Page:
Why is program design so critical? Because failure to address research-based effective practices can easily lead to expensive and even dangerous unintended consequences of awards or gifts, such as repeatedly rewarding the people who would have achieved the goals anyway; discouraging or de-motivating the 60% who know they’ll never win; creating a climate of program addiction, depriving your organization of precisely the flexibility properly designed programs offer; and worst of all, encouraging bad behavior, such as internal competition or forceful or manipulative sales tactics, fudging of data, manipulating purchase policies, or pushing clients to change buying patterns to rack up points during promotional periods.
Beyond knowing the full dangers of poor program design, Brand Media specialists should know:
1. Gift and reward programs will have the best qualitatively or quantitatively measured results if they’re part of a comprehensive strategy and tactical plan that addresses all levers of engagement in a systematic way.
2. Any “closed-end” design, in which only the top performers get rewarded or gifted, virtually ensures that the middle 60% (from whom you could achieve incremental performance) will give up out of the gate or assume they are of lesser value to you. The best gifting and award programs specifically address the people with the most ability to improve performance.
3. Any type of gift program that requires a specific quid pro quo must be part of a formal program available to all qualifying people or it borders on (or is) a bribe. The best gifting programs are “surprise and delight” programs timed to remind the individual of their importance to your organization in a meaningful way. The gift could be a random act of kindness, an apology, or a very specific thank-you.
4. Any type of gifting, incentive, or recognition program that fails to address the other factors involved with engagement (i.e., communication, learning, community and collaboration) will fall short. No one would think of giving someone an unwrapped gift or one without a personal note; the same attention should be given to all elements of gifting, starting with the “why?” and the ROI, even if it’s a qualitative rather than quantitative ROI. Even if a client rebuffs the importance of return-on-investment measurements, the solution-provider would be wise to include whatever measures are possible just in case new management comes along wondering what the money was spent for.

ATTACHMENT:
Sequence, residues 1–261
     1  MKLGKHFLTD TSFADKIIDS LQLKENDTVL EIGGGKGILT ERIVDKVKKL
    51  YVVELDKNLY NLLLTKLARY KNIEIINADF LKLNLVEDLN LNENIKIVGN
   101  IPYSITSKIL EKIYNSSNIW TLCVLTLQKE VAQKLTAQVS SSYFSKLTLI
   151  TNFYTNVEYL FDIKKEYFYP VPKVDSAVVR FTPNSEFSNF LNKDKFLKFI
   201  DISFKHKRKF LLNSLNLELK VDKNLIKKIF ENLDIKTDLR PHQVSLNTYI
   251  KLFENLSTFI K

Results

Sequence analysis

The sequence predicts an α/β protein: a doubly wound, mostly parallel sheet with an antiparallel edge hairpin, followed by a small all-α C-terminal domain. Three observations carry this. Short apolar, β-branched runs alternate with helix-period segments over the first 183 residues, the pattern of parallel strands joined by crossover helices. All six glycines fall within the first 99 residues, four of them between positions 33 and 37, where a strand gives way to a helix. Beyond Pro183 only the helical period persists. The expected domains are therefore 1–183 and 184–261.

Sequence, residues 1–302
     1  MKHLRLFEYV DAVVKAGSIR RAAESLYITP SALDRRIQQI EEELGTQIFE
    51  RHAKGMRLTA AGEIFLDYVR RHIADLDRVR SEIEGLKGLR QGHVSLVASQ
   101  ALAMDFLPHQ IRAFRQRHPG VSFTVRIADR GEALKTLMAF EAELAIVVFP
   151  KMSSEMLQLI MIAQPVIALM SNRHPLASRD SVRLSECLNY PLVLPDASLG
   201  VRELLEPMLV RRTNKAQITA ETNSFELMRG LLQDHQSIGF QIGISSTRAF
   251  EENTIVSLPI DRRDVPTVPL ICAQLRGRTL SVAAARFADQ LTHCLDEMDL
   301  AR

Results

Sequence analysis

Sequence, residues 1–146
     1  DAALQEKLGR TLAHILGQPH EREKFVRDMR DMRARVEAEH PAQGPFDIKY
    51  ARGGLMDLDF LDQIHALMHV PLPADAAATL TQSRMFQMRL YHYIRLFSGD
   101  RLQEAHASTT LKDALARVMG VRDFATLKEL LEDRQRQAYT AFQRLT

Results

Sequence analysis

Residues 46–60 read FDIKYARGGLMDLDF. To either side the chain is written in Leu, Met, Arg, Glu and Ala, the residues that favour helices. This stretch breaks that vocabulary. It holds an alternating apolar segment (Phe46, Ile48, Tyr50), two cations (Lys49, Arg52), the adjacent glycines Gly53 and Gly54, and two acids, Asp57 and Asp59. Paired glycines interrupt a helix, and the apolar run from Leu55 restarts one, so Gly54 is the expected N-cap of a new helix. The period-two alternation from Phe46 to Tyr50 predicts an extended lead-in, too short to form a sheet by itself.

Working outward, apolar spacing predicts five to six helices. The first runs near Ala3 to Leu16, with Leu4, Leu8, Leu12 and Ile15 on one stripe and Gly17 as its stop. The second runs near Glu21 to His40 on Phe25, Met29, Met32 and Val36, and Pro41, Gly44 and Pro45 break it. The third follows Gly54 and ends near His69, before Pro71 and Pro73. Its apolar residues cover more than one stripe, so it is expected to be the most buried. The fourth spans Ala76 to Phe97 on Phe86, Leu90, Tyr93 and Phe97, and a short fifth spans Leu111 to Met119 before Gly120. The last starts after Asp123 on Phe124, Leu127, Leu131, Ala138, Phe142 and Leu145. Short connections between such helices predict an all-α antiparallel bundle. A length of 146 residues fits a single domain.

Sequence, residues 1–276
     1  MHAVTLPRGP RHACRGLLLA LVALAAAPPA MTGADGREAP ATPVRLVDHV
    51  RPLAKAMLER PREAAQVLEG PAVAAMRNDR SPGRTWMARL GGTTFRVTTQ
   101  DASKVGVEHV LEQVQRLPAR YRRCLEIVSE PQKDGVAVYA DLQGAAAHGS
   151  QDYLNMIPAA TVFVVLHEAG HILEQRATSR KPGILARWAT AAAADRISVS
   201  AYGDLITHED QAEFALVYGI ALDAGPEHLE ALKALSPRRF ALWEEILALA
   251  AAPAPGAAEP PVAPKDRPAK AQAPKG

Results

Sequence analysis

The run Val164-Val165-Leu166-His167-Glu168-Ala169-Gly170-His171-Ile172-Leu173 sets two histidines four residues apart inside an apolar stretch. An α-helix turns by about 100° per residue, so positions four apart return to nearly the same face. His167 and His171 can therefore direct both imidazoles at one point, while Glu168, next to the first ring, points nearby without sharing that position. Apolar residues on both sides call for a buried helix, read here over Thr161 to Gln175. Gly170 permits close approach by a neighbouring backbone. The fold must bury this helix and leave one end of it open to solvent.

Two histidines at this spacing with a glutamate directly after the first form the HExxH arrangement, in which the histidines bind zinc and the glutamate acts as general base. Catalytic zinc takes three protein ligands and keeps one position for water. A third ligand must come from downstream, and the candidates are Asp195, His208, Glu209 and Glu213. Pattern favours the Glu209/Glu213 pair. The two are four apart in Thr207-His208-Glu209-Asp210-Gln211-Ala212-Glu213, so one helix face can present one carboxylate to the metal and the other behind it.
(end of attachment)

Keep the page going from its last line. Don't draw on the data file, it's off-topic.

5. Make the distinction between rewards, recognition and gifts vs. cash compensation. Even though generally material, digital, or experiential in nature, non-cash rewards and gifts actually are designed to address people’s intrinsic desire for appreciation and recognition in a more compelling way than encouraging words and pats on the back, which lose steam over time if not periodically reinforced with tangible appreciation. Also, confusing an audience by trying to offer non-cash rewards and gifts to address compensation and pricing issues is a common cause of “program addiction” or disaffection.
6. In surveys, people will always in large percentages say they prefer cash for multiple reasons, but mostly because people trust cash and are suspicious of anything that smacks of a substitute. Asking people how they prefer to be inspired and made to feel appreciated is similar to asking if they’d prefer six weeks to two weeks of vacation. Anyone inclined to ask people how they prefer to be recognized—cash versus non-cash—is by the nature of the question viewing the program as compensation and should stick with cash if that’s the case.
7. Just like many other professions—financial services, advertising, healthcare, tobacco and alcohol, accounting, gambling, etc.—there is much room for abuse in the gifting business, especially because of the power of properly selected gifts. These programs work so well that they border on illegal unless conducted with the wholesome intent of recognizing the human beings valuable to your business in a transparent way that is appropriate to the culture of their country, region and (most of all) their organization. The best customer gifting programs are based on a strategy consistent with the organization’s brand and culture (and that of the industry) and are linked to a performance milestone or accomplishment, never to the receipt of a purchase order. No gifting program should ever create the sense that it plays any significant part in the reason the organization does business with you beyond, for example, the impact of a gift one head of state or CEO gives to another at an important meeting as a gesture of good will.
8. Understand the distinction between recognition and compensation, which is critical to determining the appropriate type of award or to use cash instead. If the goal is to demonstrate genuine appreciation for performance in a way that resonates across the organization and with the recipient’s significant other, the gift or award should be non-cash. If the goal is to compensate or pay someone for work or a goal achieved, there is no better currency than cash.
9. Understand the concept of “cash equivalents.” For some reason, many professionals want to use some currency other than cash but then select what are in effect cash equivalents: retail-equivalent catalogs offering almost total choice with little or no personalization or customization of the reward experience, or gift cards sent or given in a standard envelope with no personalization. Why not just give cash with a nice note?